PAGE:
The assembly of the estates began the day before yesterday. Nothing of importance has yet been done. Before proceeding against the Pope, the Queen and the Princess, and in order to obtain money, it is necessary to gain the chief members. The King and the Lady are doing all they can, and the King has countermanded most of those who would oppose him. Many think that if anyone came from your Majesty, the conclusion would not be as the King thinks, for the people would then take the bit in their teeth.
The bad weather has prevented the English ships from starting for Berghes. The merchants curse the Council, who prevented them from starting in December, as they did not wish 400,000 or 500,000 ducats to be hazarded.
Some think God has caused them to be delayed so that the English merchandise can lawfully be seized by the executoriales. The amount would make it worth while for your Majesty to seize the goods, and give a promise to the merchants to pay them at a certain time and place. I have not, however, seen the executorials, and do not know whether they will authorise this.
The day before yesterday the Lady, having heard of the prudent replies of the Princess, complained to the King that he did not keep her close enough, and that she was badly advised, as her answers could not have been made without the suggestion of others, and that he had promised that no one should speak to her without his knowing it. Twenty days ago the King said to the Marquis that the trust that the Princes had in your Majesty made her obstinate, but he would bring her to the point, as he feared neither the Emperor nor any other if the Marquis and other vassals were loyal, as he thought they would he; they must not trip or vary for fear of losing their heads, and he would keep such good watch that no letters could be received from beyond sea without his knowing it.
Besides his trust in his subjects, he has great hope in the Queen's death. He lately told the French ambassador that she could not live long, as she was dropsical, an illness she was never subject to before. It is to be feared something has been done to bring it on. I told Gregory Casale of this saying of the King's, and he replied that he thought of renouncing the King's service before leaving here, and of setting up the while banner.
I have also heared this morning, but not from a trustworthy source, that the earl of Quildra (Kildare), governor of Ireland, has gone to Scotland, which will be a great blow for the King, as he has no subject who can do him more service or displeasure.
Two days ago the King ordered 30,000 bows to be made and stored in the Tower. The rest of the munition has been put in order, and guns have been placed on the top of the Tower commanding the city. This has made many persons muse.
Hitherto I have had no opportunity of sending to visit the Scotch ambassador. Today he sent me word that he was here to treat of peace, which the English desired, as appeared by their words and their good treatment of him; but he thought something would hinder it, as 10 days ago the English had invaded Scotland. The King had sent Cromwell to tell him that he would punish the offenders, and that the peace must not be hindered. The ambassador sent also to say that his master ought to thank your Majesty for the courtesies which these people would not have shown him if it had not been for their fear of you. Though the King and Council will be displeased at his visiting me, he has sent word that he will do so when I am at leisure. I am astonished that he dares to do it, and will make it as soon as possible.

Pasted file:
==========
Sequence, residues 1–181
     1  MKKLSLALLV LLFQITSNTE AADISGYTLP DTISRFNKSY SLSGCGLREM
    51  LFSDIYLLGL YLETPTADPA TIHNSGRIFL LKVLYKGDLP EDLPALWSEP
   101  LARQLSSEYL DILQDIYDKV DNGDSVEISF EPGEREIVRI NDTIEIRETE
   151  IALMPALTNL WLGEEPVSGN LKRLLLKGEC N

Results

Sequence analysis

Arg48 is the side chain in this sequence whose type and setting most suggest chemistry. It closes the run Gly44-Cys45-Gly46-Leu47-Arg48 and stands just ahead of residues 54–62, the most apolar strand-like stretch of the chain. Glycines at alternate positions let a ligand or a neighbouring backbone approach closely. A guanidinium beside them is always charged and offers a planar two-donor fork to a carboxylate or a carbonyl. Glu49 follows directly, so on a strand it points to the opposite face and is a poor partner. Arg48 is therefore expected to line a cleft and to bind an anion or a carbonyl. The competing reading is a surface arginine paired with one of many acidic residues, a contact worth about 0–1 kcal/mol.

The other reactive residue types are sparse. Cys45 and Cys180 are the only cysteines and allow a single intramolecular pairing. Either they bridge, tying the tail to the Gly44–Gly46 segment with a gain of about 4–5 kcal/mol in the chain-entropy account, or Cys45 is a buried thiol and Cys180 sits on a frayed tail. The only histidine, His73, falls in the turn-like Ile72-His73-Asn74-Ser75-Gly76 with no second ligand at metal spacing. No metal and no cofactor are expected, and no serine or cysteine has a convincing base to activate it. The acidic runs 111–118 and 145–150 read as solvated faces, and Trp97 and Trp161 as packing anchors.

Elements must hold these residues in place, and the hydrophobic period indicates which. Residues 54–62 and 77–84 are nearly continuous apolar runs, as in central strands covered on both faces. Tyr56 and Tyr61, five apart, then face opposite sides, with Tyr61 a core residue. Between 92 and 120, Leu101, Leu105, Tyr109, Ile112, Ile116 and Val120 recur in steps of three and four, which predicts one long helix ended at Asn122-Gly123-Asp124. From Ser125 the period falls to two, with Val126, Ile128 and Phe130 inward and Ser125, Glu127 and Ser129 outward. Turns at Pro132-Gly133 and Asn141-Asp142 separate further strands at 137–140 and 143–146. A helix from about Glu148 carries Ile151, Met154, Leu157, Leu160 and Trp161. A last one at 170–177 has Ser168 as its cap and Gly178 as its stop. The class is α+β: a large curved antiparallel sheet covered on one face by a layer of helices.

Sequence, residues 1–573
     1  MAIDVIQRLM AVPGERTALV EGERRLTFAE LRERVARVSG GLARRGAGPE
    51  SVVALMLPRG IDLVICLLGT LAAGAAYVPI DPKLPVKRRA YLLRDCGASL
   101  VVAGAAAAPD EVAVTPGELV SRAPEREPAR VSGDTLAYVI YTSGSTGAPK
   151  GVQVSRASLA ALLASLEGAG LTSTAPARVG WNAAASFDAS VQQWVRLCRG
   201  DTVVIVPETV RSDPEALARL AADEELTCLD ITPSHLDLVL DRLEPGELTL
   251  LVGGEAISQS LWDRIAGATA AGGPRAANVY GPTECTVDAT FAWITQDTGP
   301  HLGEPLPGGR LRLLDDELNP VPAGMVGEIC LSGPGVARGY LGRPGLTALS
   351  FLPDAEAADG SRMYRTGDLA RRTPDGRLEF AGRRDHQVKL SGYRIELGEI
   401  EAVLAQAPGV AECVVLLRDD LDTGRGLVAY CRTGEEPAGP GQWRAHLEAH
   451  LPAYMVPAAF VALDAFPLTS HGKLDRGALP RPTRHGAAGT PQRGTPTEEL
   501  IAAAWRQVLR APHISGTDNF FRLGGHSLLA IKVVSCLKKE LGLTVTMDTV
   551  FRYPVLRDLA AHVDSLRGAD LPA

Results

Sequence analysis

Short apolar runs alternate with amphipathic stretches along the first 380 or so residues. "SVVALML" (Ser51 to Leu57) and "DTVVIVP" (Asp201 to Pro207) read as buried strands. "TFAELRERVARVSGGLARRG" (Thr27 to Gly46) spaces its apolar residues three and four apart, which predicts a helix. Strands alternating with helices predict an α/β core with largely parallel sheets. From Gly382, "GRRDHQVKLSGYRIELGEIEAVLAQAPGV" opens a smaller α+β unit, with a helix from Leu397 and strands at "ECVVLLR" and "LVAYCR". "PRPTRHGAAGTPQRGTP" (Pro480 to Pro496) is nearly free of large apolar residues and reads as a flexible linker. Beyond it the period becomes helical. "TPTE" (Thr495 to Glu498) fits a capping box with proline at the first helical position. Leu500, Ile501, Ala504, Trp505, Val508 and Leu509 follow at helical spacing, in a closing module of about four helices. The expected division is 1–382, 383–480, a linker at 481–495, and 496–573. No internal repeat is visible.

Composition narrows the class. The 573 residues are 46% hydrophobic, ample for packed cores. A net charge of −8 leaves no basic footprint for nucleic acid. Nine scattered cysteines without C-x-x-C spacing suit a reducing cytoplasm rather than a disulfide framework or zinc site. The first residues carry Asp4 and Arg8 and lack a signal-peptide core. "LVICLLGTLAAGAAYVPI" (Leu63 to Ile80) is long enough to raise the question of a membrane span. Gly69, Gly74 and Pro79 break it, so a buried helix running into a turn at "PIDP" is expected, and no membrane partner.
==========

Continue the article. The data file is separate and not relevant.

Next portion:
The doctor who was going to Lubeck intended to go by sea to Hamburg, but seeing the bad weather, has determined to go by land in three or four days. At the same time several other persons sent to different parts of Germany will depart. The doctor was going by sea to carry money more safely.
The Queen has not been out of her room since the duke of Suffolk was with her, except to hear mass in a gallery. She will not eat nor drink what the new servants provide. The little she eats in her anguish is prepared by her chamberwomen, and her room is used as her kitchen. She is very badly lodged. She desires me to write to you about it. London, 17 Jan. 1534.
Fr., pp. 9. from a modern copy.
84. Sir Gregory Casale to [Cromwell].
R. O.Although I never had anything to do with Croke. I will, if you wish, reply to what he has written; but certainly I do not wish him to see what I say of my actions at Rome, of which he never heard anything. And I have only been induced to write by what you and the Duke (Norfolk) said to me, and not in answer to Croke's writings. Signed.
Ital., p. 1.
85. [Sir Gregory Casale to Cromwell (?).]
Vit. B. XIII. 137. B. M. Pocock, II. 479.* * * “Regiis negotiis gersisse, fratremque ilium Franciscum Georgium et [alios quibus] Crocus utebatur. malignos perfidos et fraudulentos esse, [una cum] fratre meo condemnari contentus sum. Et si Majestas sua no[n mihi fidem velit] habere, interrogentur omnes illi Angli qui Venetiis et P[aduæ tunc erant], quique cum Croco quotidie versabantur; illorum relationib[us credat].